We're back from our 9th annual Legacy Genealogy Cruise. I finally made it to the Eiffel Tower in Paris, saw the Queen of England, participated in 21 hours of Legacy and genealogy classes, biked down the mountains of Geiranger, Norway; and ate way too much food. While we had the time of our lives, it's also great to be home. I sure missed my four "descendants."
While gone I wrote about each day and tried so hard to publish it here. I tried on the ship, but the 60-cents-per-minute-Internet was soooo sloooowww, and the free Internet at McDonald's in Liverpool worked but my blog software's Publish button wouldn't work. So in the next few days I'll publish the articles and pictures here. And so it's time to get back to work. But I don't feel like I've worked a day in my life - I love my job!
Saturday, May 12
After a much needed nap I’m finally able to write my first report from our cruise. There’s just been no time in between eating, touring, and visiting with our Legacy guests. The funny thing is that I’m not even exaggerating. During my nap I even heard my room’s telephone ring – I’m certain it was Luc wanting to go play shuffleboard again. But we’ve had such a great first 3-4 days so far!
My Day One got off to a great start. We had a few hours to play with before we boarded the ship so I walked around the city of Oslo. Guess what caught my eye? A cemetery of course. This wasn’t any ordinary cemetery. Situated just behind the city hospital, was the cemetery with all kinds of sizes and shapes of tombstones – calling my name. We found what we thought was the entrance but the gate was locked. After taking a few distant pictures we crossed the road and browsed an old Norwegian bookstore. I found a book of the history of Ole Rasmussen. When we came out, we looked again at the cemetery’s locked gate and noticed just to its left, but around the thick column, was an opening – not even a gate – it was wide open. I think there’s a good metaphor there. Nonetheless, we explored one of the most beautiful cemeteries I’ve seen, both from the ground and its second level.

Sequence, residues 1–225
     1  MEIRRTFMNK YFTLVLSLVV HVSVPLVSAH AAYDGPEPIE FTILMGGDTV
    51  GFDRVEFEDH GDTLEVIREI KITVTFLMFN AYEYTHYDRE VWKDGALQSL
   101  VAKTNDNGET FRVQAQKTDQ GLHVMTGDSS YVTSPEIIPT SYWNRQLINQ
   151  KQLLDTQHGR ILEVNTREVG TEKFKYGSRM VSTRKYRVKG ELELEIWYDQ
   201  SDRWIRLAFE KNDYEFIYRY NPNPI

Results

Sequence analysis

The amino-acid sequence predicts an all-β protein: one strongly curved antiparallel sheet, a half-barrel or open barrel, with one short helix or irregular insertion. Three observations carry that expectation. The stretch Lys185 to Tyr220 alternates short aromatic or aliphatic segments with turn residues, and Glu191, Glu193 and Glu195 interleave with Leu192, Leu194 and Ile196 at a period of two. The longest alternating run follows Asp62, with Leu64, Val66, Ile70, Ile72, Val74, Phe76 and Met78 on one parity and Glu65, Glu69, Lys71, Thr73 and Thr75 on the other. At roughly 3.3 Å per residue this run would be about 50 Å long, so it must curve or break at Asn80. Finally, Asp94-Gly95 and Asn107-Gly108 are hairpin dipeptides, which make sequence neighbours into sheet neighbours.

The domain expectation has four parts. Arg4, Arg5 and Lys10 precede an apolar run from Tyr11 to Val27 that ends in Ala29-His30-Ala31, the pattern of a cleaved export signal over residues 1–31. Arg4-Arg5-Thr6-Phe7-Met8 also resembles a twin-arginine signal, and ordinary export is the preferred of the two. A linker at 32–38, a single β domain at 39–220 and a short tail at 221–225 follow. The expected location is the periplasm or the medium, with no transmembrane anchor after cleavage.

Later we boarded the Vision of the Seas, ate some lunch, and got set up to meet our Legacy guests and distribute name tags and schedules. Many of them looked very tired – most had been awake for at least 30 hours traveling but were happy to be there.
Luc and I played a little shuffleboard, but it was already time for our first sit-down dinner. Our group had 20 tables reserved for the 170 or so of us. Our travel coordinator, Christy, arranged with the head waiter to let us sit round-robin style throughout the cruise (usually you are assigned a table number and must remain there) so we are able to meet and get to know everyone in our group. After dinner, my wife and I skipped dessert and went to the evening show where we were entertained with music, dancing, and even some acrobatic ballet. At the end of the day, I put the finishing touches on my classes I would give the next day.